Medication Errors in Pediatric Anesthesia

A Report From the Wake Up Safe Quality Improvement Initiative | Anesthesia & Analgesia

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Background: Wake Up Safe is a quality improvement initiative of the Society for Pediatric Anesthesia that contains a deidentified registry of serious adverse events occurring in pediatric anesthesia. The aim of this study was to describe and characterize reported medication errors to find common patterns amenable to preventative strategies.

Conclusions: Our findings characterize the most common types of medication errors in pediatric anesthesia practice and provide guidance on future preventative strategies. Many of these errors will be almost entirely preventable with the use of prefilled medication syringes to avoid accidental ampule swap, bar-coding at the point of medication administration to prevent syringe swap and to confirm the proper dose, and 2-person checking of medication infusions for accuracy.

Full reference: Lobaugh, L. et al. (2017) Medication Errors in Pediatric Anesthesia: A Report From the Wake Up Safe Quality Improvement Initiative. Anesthesia & Analgesia. Vol. 125 (Issue 3) pp. 936–942

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Anaesthesia in the obese patient

Obesity is an increasing problem and its burden on healthcare resources is well documented | Anaesthesia and Intensive Care Medicine

This article gives an overview of the physiological and pharmacological considerations when anaesthetizing the obese patient. It will look at key aspects of assessing obese patients, and planning and delivering a safe anaesthetic to them. Special areas of focus include correct drug dosing, as well as equipment, monitoring and environmental aspects involved in delivering the anaesthetic.

Full reference: Nelson, G &  Clayton, R. (2017) Anaesthesia in the obese patient. Anaesthesia and Intensive Care Medicine. Published online: 14 August 2017

Effects of anaesthesia and analgesia on long-term outcome after total knee replacement: A prospective, observational, multicentre study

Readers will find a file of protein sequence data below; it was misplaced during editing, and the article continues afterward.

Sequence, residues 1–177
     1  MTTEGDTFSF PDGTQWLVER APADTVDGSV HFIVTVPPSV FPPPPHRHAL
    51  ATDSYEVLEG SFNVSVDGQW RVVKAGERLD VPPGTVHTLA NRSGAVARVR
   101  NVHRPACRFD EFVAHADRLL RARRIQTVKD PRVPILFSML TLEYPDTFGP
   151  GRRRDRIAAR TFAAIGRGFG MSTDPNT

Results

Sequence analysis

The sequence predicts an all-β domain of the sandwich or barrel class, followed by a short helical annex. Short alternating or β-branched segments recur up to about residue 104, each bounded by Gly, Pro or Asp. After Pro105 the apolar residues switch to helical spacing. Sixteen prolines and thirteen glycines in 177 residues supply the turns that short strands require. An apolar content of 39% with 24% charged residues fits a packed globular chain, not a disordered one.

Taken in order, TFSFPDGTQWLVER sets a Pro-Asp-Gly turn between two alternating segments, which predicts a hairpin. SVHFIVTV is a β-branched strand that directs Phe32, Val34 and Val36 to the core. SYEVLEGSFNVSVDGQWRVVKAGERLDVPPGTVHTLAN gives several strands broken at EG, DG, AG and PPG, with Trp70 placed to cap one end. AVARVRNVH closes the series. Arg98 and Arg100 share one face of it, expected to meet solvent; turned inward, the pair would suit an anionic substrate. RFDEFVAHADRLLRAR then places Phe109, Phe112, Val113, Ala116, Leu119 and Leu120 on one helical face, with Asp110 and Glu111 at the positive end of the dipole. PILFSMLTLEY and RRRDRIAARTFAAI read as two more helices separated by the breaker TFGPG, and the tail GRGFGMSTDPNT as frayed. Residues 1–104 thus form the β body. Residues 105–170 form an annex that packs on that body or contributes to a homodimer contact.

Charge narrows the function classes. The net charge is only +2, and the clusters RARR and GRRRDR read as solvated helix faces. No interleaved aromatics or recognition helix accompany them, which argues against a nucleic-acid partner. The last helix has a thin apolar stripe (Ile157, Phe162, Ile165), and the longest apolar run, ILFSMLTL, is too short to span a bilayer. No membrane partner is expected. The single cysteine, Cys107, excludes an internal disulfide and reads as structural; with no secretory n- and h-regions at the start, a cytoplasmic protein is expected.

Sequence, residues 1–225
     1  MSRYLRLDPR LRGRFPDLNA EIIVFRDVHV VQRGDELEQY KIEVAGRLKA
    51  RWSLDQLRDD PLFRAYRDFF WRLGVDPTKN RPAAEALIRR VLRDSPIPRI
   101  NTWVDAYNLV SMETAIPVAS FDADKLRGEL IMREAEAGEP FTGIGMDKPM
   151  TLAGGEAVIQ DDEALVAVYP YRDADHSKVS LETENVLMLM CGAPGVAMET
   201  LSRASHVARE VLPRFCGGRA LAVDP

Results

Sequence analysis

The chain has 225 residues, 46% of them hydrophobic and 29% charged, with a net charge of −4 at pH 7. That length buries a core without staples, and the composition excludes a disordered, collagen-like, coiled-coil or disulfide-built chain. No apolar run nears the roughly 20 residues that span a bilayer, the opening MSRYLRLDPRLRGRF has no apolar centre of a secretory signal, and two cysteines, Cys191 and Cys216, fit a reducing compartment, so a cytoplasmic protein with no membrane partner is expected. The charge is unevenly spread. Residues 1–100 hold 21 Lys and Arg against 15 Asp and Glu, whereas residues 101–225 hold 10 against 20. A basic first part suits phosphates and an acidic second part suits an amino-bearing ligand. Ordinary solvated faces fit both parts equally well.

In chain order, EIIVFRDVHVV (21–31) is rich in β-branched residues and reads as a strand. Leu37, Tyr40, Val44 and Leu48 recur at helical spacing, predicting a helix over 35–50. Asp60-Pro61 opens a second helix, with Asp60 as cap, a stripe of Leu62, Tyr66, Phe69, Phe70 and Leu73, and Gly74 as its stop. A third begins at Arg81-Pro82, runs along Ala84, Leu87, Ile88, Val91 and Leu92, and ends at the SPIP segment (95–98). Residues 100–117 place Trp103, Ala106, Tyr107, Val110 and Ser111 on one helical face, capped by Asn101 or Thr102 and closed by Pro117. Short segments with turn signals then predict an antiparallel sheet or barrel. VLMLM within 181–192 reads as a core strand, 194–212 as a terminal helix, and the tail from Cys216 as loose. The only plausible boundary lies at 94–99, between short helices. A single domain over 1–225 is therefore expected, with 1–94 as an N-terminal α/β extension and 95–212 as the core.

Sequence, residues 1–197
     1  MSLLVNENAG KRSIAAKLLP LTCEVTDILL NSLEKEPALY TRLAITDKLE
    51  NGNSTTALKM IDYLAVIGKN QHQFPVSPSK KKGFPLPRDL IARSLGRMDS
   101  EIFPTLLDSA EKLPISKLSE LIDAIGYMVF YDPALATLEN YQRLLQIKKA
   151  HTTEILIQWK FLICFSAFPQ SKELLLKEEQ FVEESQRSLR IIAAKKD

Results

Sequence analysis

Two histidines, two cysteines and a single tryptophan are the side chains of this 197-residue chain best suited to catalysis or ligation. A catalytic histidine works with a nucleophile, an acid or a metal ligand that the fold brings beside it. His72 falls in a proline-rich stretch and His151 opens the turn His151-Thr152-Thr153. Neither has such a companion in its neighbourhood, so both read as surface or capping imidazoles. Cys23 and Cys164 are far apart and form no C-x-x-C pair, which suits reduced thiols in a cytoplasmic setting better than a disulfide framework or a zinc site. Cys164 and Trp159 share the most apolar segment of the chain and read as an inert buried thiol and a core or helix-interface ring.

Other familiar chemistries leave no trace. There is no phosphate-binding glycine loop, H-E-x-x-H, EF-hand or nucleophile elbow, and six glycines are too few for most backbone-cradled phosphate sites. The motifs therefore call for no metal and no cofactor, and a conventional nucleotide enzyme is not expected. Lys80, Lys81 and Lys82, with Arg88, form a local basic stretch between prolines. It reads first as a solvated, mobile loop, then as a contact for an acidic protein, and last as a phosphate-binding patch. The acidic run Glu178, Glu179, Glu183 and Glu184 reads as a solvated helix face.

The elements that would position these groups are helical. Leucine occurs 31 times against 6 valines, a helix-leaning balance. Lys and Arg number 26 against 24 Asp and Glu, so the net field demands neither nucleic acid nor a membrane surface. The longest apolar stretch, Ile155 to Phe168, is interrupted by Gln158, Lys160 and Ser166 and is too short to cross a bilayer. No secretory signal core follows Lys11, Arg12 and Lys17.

Bugada D1, Allegri M, Gemma M at al. Effects of anaesthesia and analgesia on long-term outcome after total knee replacement: A prospective, observational, multicentre study. Eur J Anaesthesiol. 2017 Aug 1. doi: 10.1097/EJA.0000000000000656. [Epub ahead of print]

BACKGROUND: Perioperative regional anaesthesia may protect from persistent postsurgical pain (PPSP) and improve outcome after total knee arthroplasty (TKA).

OBJECTIVES: Aim of this study was to evaluate the impact of regional anaesthesia on PPSP and long-term functional outcome after TKA.

DESIGN: A web-based prospective observational registry.

SETTING: Five Italian Private and University Hospitals from 2012 to 2015.

PATIENTS: Undergoing primary unilateral TKA, aged more than 18 years, informed consent, American Society of Anesthesiologists (ASA) physical status classes 1 to 3, no previous knee surgery.

INTERVENTION(S): Personal data (age, sex, BMI and ASA class), preoperative pain assessed by numerical rating scale (NRS) score, and risk factors for PPSP were registered preoperatively. Data on anaesthetic and analgesic techniques were collected. Postoperative pain (NRS), analgesic consumption, major complications and patient satisfaction were registered up to the time of discharge. PPSP was assessed by a blinded investigator during a phone call after 1, 3 and 6 months, together with patient satisfaction, quality of life (QOL) and walking ability.

MAIN OUTCOME MEASURES: Experience of PPSP according to the type of peri-operative analgesia.

RESULTS: Five hundred sixty-three patients completed the follow-up. At 6 months, 21.6% of patients experienced PPSP, whereas autonomy was improved only in 56.3%; QOL was worsened or unchanged in 30.7% of patients and improved in 69.3%. Patients receiving continuous regional anaesthesia (epidural or peripheral nerve block) showed a lower NRS through the whole peri-operative period up to 1 month compared with both single shot peripheral nerve block and those who did not receive any type of regional anaesthesia. No difference was found between these latter two groups. Differences in PPSP at 3 or 6 months were not significantly affected by the type of anaesthesia or postoperative analgesia. A higher NRS score at 1 month, younger age, history of anxiety or depression, pro-inflammatory status, higher BMI and a lower ASA physical status were associated with a higher incidence of PPSP and worsened QOL at 6 months.

CONCLUSION: Continuous regional anaesthesia provides analgesic benefit for up to 1 month after surgery, but did not influence PPSP at 6 months. Better pain control at 1 month was associated with reduced PPSP. Patients with higher expectations from surgery, enhanced basal inflammation and a pessimistic outlook are more prone to develop PPSP.